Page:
Restaurant Review: Il Pittore

Il Pittore
2025 Sansom Street,

Three stars.

Cuisine: Modern Italian.
Entrée prices: $25 to $32.

“I may have set myself up,” Chris Painter reckons.

Il Pittore’s chef could be referring to many things: the fact that his new restaurant is one of the priciest since the bubble burst. The fact that he’s dubbed it, self-referentially, “The Painter”—hardly a modest claim in the language da Vinci spoke. Or the fact that the longtime culinary director for Stephen Starr has created a singularly mellow, even restrained white-tablecloth place.

But what he’s actually talking about is pasta. “Everyone in America is obsessed with rolling everything paper-thin. It’s so soft that it gets all stuck together. And everywhere I went in Italy—from mom-and-pop places to Michelin three-stars—the silken thing, I just wasn’t seeing.”

So his duck agnolotti, draped with juniper-cured duck prosciutto­, have more al dente resilience than the delicate pillows at Vetri. His corzetti resist your teeth ever so slightly more than the luscious goat meat laid atop them. It’s a finely calibrated departure from the entrenched ideal of pasta soft enough for a bare-gummed eight-month-old—less the work of a contrarian than of a chef attuned to the way small differences add up. And if you’re willing to put that ideal on trial, you’ll find plenty to like about Painter’s approach. (It’s enabled by a pasta machine whose souped-up motor can push a drier dough through the rollers—achieving sheets that while still very thin emerge with a “laminated” texture.)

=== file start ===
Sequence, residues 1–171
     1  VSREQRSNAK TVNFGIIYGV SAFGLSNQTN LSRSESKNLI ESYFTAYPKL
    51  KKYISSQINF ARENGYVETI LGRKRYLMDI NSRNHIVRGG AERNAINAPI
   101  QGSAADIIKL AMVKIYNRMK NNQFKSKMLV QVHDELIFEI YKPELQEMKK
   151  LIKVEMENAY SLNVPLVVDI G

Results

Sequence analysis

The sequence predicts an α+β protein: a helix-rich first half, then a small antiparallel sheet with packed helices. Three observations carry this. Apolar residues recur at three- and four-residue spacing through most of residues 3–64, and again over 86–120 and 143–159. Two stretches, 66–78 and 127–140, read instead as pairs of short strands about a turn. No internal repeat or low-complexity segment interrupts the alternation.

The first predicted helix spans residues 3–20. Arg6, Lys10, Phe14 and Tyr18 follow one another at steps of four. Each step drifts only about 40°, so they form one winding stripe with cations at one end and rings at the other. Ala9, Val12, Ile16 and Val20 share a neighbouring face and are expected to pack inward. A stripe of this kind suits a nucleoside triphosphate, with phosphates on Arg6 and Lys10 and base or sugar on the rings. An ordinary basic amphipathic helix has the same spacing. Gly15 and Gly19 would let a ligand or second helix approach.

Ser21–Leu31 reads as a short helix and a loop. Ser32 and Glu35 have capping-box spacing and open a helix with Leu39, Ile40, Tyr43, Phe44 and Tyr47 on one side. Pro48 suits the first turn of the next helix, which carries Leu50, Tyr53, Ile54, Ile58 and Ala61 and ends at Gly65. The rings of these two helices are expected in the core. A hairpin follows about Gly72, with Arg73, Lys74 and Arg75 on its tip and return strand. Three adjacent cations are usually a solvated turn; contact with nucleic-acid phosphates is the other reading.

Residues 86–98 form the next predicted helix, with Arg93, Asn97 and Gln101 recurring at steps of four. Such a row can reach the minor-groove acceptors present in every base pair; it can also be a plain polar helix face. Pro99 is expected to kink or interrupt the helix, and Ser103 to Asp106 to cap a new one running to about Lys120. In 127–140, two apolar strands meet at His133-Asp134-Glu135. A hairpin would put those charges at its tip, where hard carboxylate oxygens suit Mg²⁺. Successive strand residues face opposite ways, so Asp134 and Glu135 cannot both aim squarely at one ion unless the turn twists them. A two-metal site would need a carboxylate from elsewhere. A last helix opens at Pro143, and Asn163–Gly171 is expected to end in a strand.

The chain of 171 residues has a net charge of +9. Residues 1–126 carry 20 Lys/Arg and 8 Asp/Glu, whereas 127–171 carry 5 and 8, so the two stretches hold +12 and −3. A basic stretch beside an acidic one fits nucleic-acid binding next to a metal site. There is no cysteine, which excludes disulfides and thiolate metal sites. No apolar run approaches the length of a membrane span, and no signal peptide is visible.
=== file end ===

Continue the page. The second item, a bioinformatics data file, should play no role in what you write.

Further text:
For one thing, the textural diversity—from soft gnocchetti dressed with blue crabs pureed in the shell, then pressed through a chinoise and married with sea-urchin cream, to clam-and-shrimp-strewn paccheri tubes whose thick walls retain a robust chew—makes the pasta course truly worth sharing around the table.

For another, Painter’s slow-cooked meats are all the silkiness you need. There are veal cheeks here with buttered beef marrow, blood-orange marmalade melting into them in a dance of citric tang and sweetness—the best I’ve ever had. So, too, the four-day suckling pig: cured, basted, boned, pressed flat under weights, and finally coaxed to a crisp-skinned perfection. No two ways about it: The guy has a way with baby mammals.

But not all is tradition at Il Pittore. Modern touches abound, like cod getting smoke-gunned right before being plated over saffron bacala. Prosecco jelly perks up a foie gras mousse. Beet juice floating on spicy Sicilian olive oil makes a scallop crudo almost too, well, painterly to disturb. The Italian wine list is encyclopedic—though it requires an expense account to explore. And that’s a shame, because with cooking born of such disciplined and subtle creativity, Il Pittore isn’t a place where you want to hold back.